After the people of Paro forged 7,000 iron chain links, the Great Bridge Builder tried to persuade his folks from Tibet to help him transport it back. When he could not persuade them, the people of Paro volunteered to carry all the 7,000 chain links equivalent to 14,000 loads of iron as far north as the Tibetan town of Phari.
Bhutanese had enlightened self vested interest. In return for the favour, the Drupthob agreed to build an iron bridge at Chuwori, on the Tsangpo River in Tibet, which would make it easier for the Bhutanese pilgrims to visit the holy city of Lhasa.
In his lifetime, the Tibetan master is said to have built at least 50 bridges in Tibet and 10 in Bhutan. The 10 chazams in Bhutan are in Tamchog, Doksum, Dangme, Khoma, Trashigang, Chaze, Changchi, Wangdi, Chuzom and in Chukha. The first four on the list still exist.
In 1783, Samuel Turner visited Bhutan and maintained a detailed report of his journey. He described the Chukha bridge in detail and was full of praise for the architect.
In his writings he said, he crossed the chain bridge called Chuka-Chaz-zum that stretched over the Thimpchu river, a short distance above the castle of Chukha.
Awed by the engineering marvel, the English officer lavishly praised the architect, Thangtong Gyalpo and credited the genius, who deservedly ranks high upon the rolls of fame.
“In a nation where no records are kept to perpetuate the memory of the achievement of genius, and in which the minds of the people are remarkably prone to superstition, perhaps more than a century may not be necessary, to defy the author of a great work. Thus it is, said that the bridge of Chukha is reckoned to be of more than mortal production. No less a being than Dewta Tehuptehup could possible have contrived so curious a piece of mechanism.”
Turner described the Chukha Chakzam in great details. He described it as a very curious and simple bridge, for the accommodation of single passengers. The bridge consisted of two large ropes made of twisted creepers, stretched parallel to each other, and encircled with a hoop. The traveller, who wished to cross over from hence had only to place himself between the ropes and sit down on the hoop, seizing one rope in each hand by means of which he had to slide himself along, and cross an abyss.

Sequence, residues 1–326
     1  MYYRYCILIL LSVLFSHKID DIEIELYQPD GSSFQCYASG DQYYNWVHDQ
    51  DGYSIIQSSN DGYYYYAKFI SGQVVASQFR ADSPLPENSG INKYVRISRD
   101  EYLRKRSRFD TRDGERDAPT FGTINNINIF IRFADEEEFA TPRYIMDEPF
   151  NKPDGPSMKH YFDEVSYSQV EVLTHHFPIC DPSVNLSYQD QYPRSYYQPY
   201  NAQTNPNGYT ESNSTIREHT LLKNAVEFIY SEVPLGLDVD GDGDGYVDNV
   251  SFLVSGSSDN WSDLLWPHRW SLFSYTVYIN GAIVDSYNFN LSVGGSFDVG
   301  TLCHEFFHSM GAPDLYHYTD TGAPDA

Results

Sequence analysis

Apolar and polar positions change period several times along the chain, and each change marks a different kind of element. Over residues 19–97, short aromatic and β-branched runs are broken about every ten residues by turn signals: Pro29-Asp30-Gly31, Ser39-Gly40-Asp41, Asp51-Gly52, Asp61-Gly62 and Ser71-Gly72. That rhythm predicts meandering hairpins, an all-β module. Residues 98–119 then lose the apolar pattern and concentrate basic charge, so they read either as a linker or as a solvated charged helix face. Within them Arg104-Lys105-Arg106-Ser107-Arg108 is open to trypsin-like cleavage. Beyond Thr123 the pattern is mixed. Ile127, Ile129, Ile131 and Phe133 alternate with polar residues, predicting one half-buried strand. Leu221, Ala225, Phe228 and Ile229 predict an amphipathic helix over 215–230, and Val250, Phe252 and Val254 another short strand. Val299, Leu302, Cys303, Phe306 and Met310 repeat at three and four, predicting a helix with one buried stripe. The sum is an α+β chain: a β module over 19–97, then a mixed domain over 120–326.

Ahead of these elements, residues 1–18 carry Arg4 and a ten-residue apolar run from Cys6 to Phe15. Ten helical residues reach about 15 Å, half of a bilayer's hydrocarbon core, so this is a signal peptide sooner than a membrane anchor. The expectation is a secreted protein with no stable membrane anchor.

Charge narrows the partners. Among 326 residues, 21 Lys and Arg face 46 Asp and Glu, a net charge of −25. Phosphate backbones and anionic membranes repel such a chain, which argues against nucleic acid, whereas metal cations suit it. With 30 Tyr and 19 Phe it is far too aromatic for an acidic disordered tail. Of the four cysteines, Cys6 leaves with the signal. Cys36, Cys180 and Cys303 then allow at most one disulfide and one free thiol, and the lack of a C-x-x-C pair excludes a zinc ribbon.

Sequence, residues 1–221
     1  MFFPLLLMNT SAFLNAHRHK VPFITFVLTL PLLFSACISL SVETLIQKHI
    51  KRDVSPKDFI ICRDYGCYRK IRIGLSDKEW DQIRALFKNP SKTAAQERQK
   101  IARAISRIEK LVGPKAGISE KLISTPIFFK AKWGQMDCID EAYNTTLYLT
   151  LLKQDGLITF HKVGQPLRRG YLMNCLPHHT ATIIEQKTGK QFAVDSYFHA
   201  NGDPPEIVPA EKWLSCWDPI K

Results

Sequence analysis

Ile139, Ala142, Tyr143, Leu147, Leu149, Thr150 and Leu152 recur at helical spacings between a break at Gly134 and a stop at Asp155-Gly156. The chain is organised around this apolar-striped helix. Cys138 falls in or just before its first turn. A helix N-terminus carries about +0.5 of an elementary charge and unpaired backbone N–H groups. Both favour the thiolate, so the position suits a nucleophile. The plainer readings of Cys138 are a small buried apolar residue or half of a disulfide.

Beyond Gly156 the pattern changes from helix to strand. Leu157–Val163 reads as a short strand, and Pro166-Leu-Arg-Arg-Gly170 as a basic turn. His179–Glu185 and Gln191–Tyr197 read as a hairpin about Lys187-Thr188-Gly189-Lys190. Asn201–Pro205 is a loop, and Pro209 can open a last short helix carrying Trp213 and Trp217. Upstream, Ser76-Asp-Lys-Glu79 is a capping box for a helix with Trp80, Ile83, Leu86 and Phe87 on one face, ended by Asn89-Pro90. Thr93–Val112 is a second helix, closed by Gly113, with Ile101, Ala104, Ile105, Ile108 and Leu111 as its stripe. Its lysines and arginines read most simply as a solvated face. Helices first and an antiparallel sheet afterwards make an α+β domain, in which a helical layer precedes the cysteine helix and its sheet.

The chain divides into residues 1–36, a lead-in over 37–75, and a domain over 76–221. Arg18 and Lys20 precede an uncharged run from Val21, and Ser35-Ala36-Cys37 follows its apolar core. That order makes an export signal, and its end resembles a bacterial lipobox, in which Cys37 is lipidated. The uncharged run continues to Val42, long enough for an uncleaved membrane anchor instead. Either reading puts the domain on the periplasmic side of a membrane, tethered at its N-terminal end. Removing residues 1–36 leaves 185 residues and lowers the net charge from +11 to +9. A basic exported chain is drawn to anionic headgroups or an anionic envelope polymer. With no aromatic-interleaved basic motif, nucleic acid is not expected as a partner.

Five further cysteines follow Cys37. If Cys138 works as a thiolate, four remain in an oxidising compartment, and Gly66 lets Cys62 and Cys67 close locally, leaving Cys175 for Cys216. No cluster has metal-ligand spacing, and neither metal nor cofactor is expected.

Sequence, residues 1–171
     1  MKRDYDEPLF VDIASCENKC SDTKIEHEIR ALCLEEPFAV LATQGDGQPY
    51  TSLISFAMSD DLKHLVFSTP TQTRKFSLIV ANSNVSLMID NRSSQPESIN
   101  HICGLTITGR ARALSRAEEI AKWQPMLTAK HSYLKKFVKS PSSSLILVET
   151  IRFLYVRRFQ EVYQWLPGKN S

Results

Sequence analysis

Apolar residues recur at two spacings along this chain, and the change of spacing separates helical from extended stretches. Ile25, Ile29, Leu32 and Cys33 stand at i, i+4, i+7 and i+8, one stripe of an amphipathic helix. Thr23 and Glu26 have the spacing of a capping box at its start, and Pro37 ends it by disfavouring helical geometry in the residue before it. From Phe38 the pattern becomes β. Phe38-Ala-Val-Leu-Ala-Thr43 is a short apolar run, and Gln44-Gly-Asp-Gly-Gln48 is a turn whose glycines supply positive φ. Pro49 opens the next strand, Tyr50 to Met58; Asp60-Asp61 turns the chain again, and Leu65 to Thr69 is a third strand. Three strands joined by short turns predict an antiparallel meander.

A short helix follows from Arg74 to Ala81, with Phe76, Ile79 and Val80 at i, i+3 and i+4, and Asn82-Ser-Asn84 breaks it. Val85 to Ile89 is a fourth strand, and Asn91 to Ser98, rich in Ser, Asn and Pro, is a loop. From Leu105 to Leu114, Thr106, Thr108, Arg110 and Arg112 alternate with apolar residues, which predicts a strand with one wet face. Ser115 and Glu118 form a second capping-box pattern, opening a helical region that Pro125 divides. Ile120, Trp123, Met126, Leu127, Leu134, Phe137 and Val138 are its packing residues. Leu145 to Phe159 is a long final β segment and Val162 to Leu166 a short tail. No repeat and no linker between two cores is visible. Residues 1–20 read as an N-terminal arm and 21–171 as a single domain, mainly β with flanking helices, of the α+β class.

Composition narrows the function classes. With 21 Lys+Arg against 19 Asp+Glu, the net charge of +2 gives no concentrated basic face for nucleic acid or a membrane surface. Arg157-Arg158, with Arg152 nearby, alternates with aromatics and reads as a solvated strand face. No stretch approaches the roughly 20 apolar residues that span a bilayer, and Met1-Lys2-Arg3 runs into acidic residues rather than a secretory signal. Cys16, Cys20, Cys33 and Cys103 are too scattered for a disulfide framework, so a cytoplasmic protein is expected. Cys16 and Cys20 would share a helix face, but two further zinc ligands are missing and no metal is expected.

Turner said that only one horse was admitted to go over the bridge at a time. “The five chains that support the platform, are placed several layers of strong coarse mats of bamboo, loosely put down, so as to play with the swing of the bridge; and that a fence on each side, of the same materials, contributes to the security of the passenger.”
The bridges both in Tibet and in Bhutan were a game changer as the technical innovation made it possible to cross the perilous deep gorges with fast flowing icy rivers. Construction of numerous pathways followed. Much later, the British even organized a postal system along these routes.
Before the time of Thangtong Gyalpo, bridges were rare in Tibet. This was mainly because of the scarcity of iron ore. According to Kunpang Chodrak, the biographer of Kunkhyen Dolpopa, each iron link was worth one twentieth of an ounce of gold in the 14th century.
The Great Bridge Builder imported 7,000 chain iron links from Bhutan. This is equivalent in value to 350 ounces of gold. The present value of the iron chains would have been almost half a million USD, but the intrinsic value is lot more. The chains had 15 links and even today they are highly sought after as material for swords and religious objects.
In his life -time, the, “Great Bridge Builder,” built at least 60 iron chain suspension bridges spanning over central Asia and deep into eastern Bhutan. By using arsenic, the forerunner was able to weld together single iron chain links, making the iron bridges free of corrosion. He enhanced the art of blacksmithery to the highest level and gained immortality as the “Great Iron Bridge Builder.”